I want to make gesture interaction – interacting with computers through hand movements in mid-air – easier and more enjoyable to use. My PhD research focuses on improving gesture interaction with small devices like phones and wearable computers, although the problems I deal with are not unique to these types of device. I’ve written a lot about gestures and problems with gesture interaction, so this page attempts to bring that information together to give an overview of why gestures are difficult and how we might make them better.
Addressing Gesture Systems
When users want to interact with an in-air gesture system, they must first address it. This involves finding where to perform gestures, so that they can be sensed, and finding out how to direct input towards only the system you want to interact with, so that other systems do not act upon your movements as well. During my PhD, I developed and evaluated interaction techniques for addressing in-air gesture systems. You can read more about this here.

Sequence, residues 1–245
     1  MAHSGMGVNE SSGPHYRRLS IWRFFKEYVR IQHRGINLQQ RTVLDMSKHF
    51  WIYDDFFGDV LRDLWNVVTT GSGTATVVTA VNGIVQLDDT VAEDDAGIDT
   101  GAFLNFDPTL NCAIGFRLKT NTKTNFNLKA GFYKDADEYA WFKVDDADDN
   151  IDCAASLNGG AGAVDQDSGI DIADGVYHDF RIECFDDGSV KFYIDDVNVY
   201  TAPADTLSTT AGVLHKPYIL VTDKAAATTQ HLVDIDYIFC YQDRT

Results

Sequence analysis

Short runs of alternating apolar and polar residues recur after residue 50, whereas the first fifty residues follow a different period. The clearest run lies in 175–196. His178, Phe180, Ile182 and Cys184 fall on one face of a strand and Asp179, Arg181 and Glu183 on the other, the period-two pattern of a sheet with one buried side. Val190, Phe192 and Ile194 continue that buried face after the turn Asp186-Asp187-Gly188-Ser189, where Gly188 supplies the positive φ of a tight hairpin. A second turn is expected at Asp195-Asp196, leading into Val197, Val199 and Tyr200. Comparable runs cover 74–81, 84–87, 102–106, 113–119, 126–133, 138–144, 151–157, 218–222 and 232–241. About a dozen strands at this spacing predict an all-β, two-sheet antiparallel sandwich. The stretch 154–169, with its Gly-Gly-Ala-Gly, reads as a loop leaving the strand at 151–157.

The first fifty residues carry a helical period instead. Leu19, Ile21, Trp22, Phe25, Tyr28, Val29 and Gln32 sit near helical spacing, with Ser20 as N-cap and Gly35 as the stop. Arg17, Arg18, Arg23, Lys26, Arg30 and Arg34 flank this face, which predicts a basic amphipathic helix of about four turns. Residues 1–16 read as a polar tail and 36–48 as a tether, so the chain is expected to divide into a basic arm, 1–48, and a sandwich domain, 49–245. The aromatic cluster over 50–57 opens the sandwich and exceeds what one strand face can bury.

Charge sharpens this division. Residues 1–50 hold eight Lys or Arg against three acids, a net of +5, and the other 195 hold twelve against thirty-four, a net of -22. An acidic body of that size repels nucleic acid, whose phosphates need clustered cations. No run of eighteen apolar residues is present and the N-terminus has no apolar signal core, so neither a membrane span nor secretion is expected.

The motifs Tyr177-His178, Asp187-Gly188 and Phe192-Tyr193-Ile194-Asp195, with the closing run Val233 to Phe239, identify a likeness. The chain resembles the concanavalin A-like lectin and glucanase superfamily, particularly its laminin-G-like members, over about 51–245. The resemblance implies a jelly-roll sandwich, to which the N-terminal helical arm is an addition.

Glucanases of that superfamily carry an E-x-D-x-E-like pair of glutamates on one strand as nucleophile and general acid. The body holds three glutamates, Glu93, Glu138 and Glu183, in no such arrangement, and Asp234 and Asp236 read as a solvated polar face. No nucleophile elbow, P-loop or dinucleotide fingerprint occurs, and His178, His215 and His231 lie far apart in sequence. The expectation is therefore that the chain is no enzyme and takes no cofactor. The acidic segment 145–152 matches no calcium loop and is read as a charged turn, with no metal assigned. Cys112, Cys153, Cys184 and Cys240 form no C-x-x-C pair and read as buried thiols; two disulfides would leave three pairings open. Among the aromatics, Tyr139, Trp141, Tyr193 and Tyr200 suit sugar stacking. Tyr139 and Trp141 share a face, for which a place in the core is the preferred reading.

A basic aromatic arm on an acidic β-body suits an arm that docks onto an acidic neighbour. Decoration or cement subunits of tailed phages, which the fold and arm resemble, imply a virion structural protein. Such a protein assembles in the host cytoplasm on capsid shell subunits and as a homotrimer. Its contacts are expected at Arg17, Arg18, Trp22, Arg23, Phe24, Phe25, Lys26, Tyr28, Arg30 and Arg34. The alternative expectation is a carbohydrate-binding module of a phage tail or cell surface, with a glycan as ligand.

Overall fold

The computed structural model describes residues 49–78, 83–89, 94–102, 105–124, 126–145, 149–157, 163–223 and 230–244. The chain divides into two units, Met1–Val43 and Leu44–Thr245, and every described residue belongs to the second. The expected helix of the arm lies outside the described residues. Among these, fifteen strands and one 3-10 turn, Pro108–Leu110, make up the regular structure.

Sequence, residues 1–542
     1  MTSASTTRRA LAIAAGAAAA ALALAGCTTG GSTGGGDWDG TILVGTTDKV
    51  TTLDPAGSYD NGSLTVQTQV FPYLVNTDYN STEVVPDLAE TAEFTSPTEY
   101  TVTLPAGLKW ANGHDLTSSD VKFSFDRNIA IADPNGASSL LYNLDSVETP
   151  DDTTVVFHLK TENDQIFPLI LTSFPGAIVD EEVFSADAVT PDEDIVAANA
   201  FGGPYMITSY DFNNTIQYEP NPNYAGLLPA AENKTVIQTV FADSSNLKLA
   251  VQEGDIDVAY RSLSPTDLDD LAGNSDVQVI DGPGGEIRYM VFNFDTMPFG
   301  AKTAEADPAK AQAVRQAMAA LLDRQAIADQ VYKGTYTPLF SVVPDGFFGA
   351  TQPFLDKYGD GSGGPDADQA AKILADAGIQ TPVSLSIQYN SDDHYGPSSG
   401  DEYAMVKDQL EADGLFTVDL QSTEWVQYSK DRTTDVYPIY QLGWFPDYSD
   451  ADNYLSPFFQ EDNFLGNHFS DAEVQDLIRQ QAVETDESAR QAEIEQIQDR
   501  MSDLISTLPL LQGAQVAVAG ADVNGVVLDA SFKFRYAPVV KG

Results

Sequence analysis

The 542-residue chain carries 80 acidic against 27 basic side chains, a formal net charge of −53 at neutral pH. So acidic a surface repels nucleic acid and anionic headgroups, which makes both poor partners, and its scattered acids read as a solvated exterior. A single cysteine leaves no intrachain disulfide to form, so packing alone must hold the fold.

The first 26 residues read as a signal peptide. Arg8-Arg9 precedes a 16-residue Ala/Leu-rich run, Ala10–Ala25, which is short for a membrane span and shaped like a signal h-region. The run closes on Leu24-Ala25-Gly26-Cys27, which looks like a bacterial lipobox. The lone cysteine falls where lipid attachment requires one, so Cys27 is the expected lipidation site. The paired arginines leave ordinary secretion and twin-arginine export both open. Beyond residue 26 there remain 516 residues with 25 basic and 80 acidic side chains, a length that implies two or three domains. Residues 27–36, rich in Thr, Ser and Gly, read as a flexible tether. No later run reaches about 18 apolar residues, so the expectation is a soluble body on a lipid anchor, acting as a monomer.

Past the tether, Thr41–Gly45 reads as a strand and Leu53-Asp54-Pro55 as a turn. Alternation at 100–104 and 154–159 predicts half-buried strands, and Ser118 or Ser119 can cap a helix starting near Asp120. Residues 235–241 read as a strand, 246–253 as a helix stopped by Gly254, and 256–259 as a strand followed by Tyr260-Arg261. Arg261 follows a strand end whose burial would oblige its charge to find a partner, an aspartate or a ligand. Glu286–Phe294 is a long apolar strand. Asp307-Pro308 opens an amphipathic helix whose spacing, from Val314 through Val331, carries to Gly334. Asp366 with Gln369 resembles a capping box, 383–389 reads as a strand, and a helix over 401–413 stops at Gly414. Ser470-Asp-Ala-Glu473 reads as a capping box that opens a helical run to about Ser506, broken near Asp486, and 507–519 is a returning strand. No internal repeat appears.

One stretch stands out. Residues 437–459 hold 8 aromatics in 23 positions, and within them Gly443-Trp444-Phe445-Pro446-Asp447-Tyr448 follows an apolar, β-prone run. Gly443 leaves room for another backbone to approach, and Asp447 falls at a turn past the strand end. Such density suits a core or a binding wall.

Above- and Around-Device Interaction
My research often looks at gestures in close proximity to devices, which is often above (for example, gesturing over a phone on a table) or around (for example, gesturing behind a device you are holding with your other hand) those devices. I give an introduction to around-device interaction here, present research and guidelines for above-device interaction with phones here, and discuss our work on above-device tactile feedback here. I also explain why we would want to use these types of gestures here.
Gestures Are Not “Natural”
In this post I outline three gesture interaction problems (the Midas Touch problem, the address problem and the sensing problem) and what implications these have for gesture interaction. In short, we should not think of gestures as being “natural” because there are many practical issues we must overcome to make them usable.
Novel Gesture Feedback
My PhD research looks at how we can move feedback about gestures off the screen and into the space around devices instead. I’ve written about tactile feedback for gestures here. I’ve also written about interactive light feedback, a novel type of display, for gestures here.
Gestures In Multimodal Interaction
Here I talk about two papers from 2014 where gestures are considered as part of multimodal interactions. While this idea was notably demonstrated in the 1980s, it still hasn’t reached mainstream computing. Perhaps this is about to change with new technologies.